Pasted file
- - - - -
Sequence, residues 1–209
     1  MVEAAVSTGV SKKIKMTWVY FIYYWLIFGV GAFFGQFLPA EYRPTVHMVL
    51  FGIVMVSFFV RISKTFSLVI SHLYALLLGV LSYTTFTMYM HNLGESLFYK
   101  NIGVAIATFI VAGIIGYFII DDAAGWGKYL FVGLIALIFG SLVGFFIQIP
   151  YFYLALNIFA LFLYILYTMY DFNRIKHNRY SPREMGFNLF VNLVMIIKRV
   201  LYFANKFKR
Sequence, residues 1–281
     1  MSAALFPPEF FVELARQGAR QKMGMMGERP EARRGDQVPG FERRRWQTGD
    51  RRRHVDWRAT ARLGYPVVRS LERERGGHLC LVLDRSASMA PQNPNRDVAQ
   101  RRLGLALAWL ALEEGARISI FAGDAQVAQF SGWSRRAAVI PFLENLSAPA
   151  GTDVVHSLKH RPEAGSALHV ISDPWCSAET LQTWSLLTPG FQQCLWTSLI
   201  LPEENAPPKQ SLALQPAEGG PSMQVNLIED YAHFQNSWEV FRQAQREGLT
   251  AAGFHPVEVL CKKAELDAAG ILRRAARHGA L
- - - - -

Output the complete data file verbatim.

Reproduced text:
Sequence, residues 1–209
     1  MVEAAVSTGV SKKIKMTWVY FIYYWLIFGV GAFFGQFLPA EYRPTVHMVL
    51  FGIVMVSFFV RISKTFSLVI SHLYALLLGV LSYTTFTMYM HNLGESLFYK
   101  NIGVAIATFI VAGIIGYFII DDAAGWGKYL FVGLIALIFG SLVGFFIQIP
   151  YFYLALNIFA LFLYILYTMY DFNRIKHNRY SPREMGFNLF VNLVMIIKRV
   201  LYFANKFKR
Sequence, residues 1–281
     1  MSAALFPPEF FVELARQGAR QKMGMMGERP EARRGDQVPG FERRRWQTGD
    51  RRRHVDWRAT ARLGYPVVRS LERERGGHLC LVLDRSASMA PQNPNRDVAQ
   101  RRLGLALAWL ALEEGARISI FAGDAQVAQF SGWSRRAAVI PFLENLSAPA
   151  GTDVVHSLKH RPEAGSALHV ISDPWCSAET LQTWSLLTPG FQQCLWTSLI
   201  LPEENAPPKQ SLALQPAEGG PSMQVNLIED YAHFQNSWEV FRQAQREGLT
   251  AAGFHPVEVL CKKAELDAAG ILRRAARHGA L